EXCLUSIVE - What’s next for data management in Estonian government - Data Embassies, Expanding E-residency
OpenGov spoke to Mr. Mehis Sihvart, Director of the Centre of Registers and Information Systems (RIK) in Estonia.
Mr. Mehis Sihvart has extensive experience in the development and implementation of efficient e-governance solutions. He has been heading the Centre of Registers and Information Systems of Estonia (RIK) since 2010. Over the years, Mr. Sihvart has led numerous projects related to court information systems, e-File – a central case management system etc. Moreover, he was responsible for centralizing IT-governance in the Ministry of Justice of Estonia.
RIK is a state agency under the Ministry of Justice of Estonia and its services range from workstation management to development and management of special information systems. Mr. Sihvart explained, “We take care of hardware and we also develop different information systems, like real estate registry and court information systems and so on.”
RIK has developed and administers over 70 different systems and various registers important both for the state and the citizens, including the e-Business Register (there is an European Business Register, offered as an additional service of the e-Business Register, which provides official information about European companies), e-Land Register, e-File, Courts’ Information System and e-Notary Information System.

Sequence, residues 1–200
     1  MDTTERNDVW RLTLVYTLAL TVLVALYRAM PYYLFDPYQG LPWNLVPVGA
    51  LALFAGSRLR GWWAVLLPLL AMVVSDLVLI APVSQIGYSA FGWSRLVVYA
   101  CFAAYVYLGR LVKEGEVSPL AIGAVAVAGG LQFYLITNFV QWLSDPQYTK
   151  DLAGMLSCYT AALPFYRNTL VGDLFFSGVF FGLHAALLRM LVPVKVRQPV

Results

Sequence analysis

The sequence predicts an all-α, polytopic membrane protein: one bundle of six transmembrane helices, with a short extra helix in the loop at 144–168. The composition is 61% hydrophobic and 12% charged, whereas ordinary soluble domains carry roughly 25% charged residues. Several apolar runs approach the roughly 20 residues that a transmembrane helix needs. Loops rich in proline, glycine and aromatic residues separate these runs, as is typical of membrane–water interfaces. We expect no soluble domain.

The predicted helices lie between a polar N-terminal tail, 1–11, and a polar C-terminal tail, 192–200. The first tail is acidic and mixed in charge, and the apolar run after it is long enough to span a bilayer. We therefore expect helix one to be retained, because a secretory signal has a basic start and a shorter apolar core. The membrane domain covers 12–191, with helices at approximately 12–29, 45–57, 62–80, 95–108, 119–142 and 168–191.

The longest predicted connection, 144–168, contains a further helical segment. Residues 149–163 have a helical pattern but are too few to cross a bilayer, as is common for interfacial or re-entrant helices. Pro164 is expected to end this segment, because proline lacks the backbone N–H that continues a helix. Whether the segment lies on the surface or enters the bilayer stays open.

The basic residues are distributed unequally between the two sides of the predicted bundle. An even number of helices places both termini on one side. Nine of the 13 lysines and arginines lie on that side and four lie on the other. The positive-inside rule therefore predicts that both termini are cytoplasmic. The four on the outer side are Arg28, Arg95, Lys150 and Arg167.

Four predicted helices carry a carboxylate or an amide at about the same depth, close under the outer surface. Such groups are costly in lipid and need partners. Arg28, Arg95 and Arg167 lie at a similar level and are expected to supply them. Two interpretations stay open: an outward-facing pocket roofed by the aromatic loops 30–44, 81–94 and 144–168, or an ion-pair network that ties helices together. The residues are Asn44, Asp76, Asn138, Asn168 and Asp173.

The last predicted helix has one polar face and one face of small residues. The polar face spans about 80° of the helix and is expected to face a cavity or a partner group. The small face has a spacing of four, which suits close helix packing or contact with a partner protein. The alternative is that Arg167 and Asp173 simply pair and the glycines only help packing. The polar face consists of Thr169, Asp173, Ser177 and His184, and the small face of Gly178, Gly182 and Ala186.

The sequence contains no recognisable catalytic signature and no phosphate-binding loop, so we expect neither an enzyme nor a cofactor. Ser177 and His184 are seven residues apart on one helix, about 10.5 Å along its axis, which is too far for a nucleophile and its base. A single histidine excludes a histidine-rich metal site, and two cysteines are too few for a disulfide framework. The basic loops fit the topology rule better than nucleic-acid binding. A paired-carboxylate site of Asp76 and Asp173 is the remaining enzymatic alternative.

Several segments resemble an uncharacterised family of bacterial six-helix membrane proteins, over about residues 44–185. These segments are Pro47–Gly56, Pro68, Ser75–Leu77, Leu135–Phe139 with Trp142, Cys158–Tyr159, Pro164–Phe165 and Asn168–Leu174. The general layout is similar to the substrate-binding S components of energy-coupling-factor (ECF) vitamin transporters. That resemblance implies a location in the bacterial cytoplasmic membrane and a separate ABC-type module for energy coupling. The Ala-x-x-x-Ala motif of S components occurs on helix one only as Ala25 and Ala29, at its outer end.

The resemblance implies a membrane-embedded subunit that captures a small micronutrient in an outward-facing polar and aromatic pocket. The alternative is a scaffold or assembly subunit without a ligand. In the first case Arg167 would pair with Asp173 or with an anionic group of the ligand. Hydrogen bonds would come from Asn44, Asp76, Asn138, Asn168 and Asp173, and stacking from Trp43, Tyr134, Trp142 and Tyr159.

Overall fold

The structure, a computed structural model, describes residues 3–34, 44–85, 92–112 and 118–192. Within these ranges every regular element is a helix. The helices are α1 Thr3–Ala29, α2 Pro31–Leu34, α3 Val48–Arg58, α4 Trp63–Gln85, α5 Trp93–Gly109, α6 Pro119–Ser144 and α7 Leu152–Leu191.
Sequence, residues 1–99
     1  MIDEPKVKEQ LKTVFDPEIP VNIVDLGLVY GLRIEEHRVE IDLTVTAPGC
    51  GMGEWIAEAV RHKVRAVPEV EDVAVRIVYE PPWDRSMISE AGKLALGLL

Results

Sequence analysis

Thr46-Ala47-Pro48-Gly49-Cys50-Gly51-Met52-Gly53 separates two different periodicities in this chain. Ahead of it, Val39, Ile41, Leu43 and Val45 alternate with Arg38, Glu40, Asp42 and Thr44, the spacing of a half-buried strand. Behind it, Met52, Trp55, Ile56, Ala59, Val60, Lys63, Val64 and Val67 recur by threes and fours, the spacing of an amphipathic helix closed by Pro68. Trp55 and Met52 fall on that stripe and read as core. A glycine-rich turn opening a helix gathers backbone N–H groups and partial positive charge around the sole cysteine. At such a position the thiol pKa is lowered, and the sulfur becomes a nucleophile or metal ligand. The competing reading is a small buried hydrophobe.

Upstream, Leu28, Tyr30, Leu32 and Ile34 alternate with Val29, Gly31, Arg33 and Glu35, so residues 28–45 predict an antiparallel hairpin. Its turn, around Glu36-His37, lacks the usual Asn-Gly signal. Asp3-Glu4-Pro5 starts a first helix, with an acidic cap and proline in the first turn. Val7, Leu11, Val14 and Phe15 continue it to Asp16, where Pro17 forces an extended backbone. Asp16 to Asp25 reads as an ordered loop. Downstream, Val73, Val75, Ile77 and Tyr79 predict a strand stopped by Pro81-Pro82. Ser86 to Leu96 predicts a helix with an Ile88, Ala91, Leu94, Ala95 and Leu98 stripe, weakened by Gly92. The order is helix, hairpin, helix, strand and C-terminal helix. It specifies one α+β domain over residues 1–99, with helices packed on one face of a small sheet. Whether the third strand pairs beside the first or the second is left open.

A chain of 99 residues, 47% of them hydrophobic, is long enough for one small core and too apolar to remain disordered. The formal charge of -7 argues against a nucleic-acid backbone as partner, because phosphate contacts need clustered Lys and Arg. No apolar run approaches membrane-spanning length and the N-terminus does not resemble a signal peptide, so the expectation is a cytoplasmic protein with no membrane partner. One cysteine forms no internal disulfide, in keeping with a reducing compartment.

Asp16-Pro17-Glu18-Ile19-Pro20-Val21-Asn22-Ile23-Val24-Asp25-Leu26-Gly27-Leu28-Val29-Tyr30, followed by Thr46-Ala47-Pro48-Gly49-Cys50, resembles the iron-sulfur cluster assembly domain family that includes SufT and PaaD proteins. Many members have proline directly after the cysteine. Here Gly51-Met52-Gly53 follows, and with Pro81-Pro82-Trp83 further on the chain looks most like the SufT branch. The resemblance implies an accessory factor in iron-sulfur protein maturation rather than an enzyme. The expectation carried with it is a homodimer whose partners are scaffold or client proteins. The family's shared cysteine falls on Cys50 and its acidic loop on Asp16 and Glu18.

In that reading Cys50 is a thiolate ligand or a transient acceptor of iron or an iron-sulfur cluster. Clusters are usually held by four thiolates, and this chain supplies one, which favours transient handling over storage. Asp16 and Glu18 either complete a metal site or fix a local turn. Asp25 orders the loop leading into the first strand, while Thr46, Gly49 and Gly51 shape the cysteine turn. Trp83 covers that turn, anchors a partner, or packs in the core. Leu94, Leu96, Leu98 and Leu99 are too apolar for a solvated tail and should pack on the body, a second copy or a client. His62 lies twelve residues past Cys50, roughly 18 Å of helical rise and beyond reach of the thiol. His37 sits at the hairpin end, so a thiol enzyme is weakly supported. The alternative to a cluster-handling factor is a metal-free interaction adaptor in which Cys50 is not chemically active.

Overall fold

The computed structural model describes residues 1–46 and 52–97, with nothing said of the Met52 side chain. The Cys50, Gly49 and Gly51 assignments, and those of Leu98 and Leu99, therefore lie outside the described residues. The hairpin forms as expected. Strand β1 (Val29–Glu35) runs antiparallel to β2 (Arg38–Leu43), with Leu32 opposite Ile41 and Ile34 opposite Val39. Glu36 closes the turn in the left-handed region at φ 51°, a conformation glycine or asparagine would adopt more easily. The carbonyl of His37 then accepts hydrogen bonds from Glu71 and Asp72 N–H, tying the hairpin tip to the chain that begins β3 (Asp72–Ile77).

RIK is also the central ICT procurement body for the Estonian government. The procurement for equipment such as workstations, laptops, printers is mandatorily centralised. For the rest, it is optional. If the agencies desire so, they can do it through RIK or they can give out contracts on their own.
Mr. Sihvart has been with the Ministry of Justice since the year 2000. ICT was centralised into the Ministry of Justice ICT department. Mr. Sihvart’s department took over all the ICT staff and budget from the prosecutor’s office, prisons and so on. He was the development lead of the centralised department.
In 2005, a decision was taken by the Minister of Justice to create a separate institution called Centre of Registers and Information Systems which we see today. It was mostly done because of the overheads incurred. The Ministry of Justice secretary-general was having to sign all the ICT contracts. Dealing with ICT matters for all the administrative domains was consuming too much time for the top management at the Ministry. So, a separate institution was created in 2006.
Mr. Sihvart highlighted the importance of support from the top level of leadership, “We had very strong support from our secretary-general which made the process easy. We centralised all the infrastructure and services all over Estonia over a period of 2 years. We added more institutions subsequently. Today, we actually provide ICT services not only to the Ministry of Justice administration but also, the Ministry of Culture and some others.”
Ongoing projects- Data Embassy and E-residency
Currently, RIK is working on the Data Embassy project, trying to create the data embassies within two years.
According to a ‘Summary Report of the Research Project on Public Cloud Usage for Government’ Data Embassy will consist of a three-part solution comprising: i) maintenance of data backups and live services within Estonia’s borders (Government Operated Cloud); ii) backups at physical Estonian embassy locations or dedicated data centres in allied countries chosen by the government (Physical Data Embassy); and iii) backups of non-sensitive data in private companies’ public cloud (Virtual Data Embassy).